As I stepped onto the scale (“woomph” sounding in my head) I leaned all the way forward. If the previous day’s binging didn’t tip the scale, leaning forward tends to put the weight at the high end. Lean back and you can lose a pound or two. It’s a trick that I’ve used to convince myself that I’m doing okay, to just keep going, to not give up.
Unfortunately, in the past I’ve gained five or more pounds by “not giving up” and leaning way, way back.
So, yes, I had set myself up for a very easy first week. All I had to do was scale back the eating, which given my binging should have been quite simple, and dial up the exercise.
One week, one pound. That’s all I had to do.
The first week had ended and I was walking through town to head to the gym.
Some days it feels like the streets of Portland are paved with food. They are certainly lined with food carts. I am weak. I know which routes to take to avoid the food carts, but I walked straight to them. As I was walking toward the Swamp Shack at SE Stark and 5th, it suddenly became impossible to walk past.
The Swamp Shack has some of the best fried chicken in town. That is reason enough for me to be tempted. Owner/Chef Trey Corkern hails from Louisiana and has brought some excellent Cajun cooking with him. I had to tell you about my love for New Orleans to help you understand why I had to stop. A little taste of Louisiana transports me to New Orleans and it’s been far too long since my last visit.
I was telling myself to keep walking, to come back after the weigh-in at the very least. But a glance at the specials and the debate ended. Fried alligator with hushpuppies. When available, the alligator sells out quickly. Panic eating and dreams of New Orleans quickly set in. I joined the line. I had to text my friend Marie, who is from Louisiana, to tell her about my lunch.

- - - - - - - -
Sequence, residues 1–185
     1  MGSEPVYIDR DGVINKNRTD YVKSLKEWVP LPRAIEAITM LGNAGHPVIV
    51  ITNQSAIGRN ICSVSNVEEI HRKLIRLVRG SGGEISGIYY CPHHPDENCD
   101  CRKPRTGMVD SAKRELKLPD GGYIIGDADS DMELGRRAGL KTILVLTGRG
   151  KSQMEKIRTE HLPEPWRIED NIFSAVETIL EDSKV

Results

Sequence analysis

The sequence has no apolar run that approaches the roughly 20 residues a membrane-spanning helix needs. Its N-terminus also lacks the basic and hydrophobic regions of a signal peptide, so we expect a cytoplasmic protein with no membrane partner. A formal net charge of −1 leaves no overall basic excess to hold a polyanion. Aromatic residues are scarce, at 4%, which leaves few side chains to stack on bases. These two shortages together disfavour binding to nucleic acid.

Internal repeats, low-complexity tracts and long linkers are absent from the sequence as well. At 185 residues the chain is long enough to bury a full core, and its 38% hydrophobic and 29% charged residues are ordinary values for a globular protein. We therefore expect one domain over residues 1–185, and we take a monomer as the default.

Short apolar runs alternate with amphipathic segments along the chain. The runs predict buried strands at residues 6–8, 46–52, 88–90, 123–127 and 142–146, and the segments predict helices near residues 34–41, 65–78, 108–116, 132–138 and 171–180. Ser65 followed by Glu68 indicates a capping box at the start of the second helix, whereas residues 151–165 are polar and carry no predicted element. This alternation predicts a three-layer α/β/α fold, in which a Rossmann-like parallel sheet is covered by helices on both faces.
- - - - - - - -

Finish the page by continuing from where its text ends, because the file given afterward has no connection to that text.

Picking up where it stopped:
Someone already feasting on his lunch said it tasted kind of like chicken. I heard Trey yell from inside the cart that is why they call it swamp chicken. If you’ve only ever had factory chicken, no, it’s doesn’t taste like chicken. Too much flavor for that. And The Swamp Shack adds the right amount of spice to make the dredging interesting.
Full on alligator and hushpuppies and slowly rejoining reality, I headed to the gym. Yep, fried alligator right before the gym – that’s the kind of thing I do.
Any confidence I may have had for my weigh-in started to disappear as I approached the scale. I only had to lose one pound. For the baseline weigh-in, I was fully clothed – shoes and watch included. Even though I knew it wouldn’t have meant I had actually lost weight, I so wanted to take off my shoes or at least my watch. That’s the kind of lie I tried to tell myself for years.
I stepped onto the scale, the weights all the way to right so I could have some pleasure in moving the weights to the left, from heavy to lighter.
As I approached the baseline weight, I didn’t have to take off my watch, or lean, or hold my breath (I’m not entirely sure how that would help, because if anything I should have breathed out). I could keep nudging the weight to the left.
Phew. I survived the first week and lost more than one pound.
As I left the gym, Marie’s last text arrived. “It takes a few hours before the pounds will register on the scale. You’ll be ok.”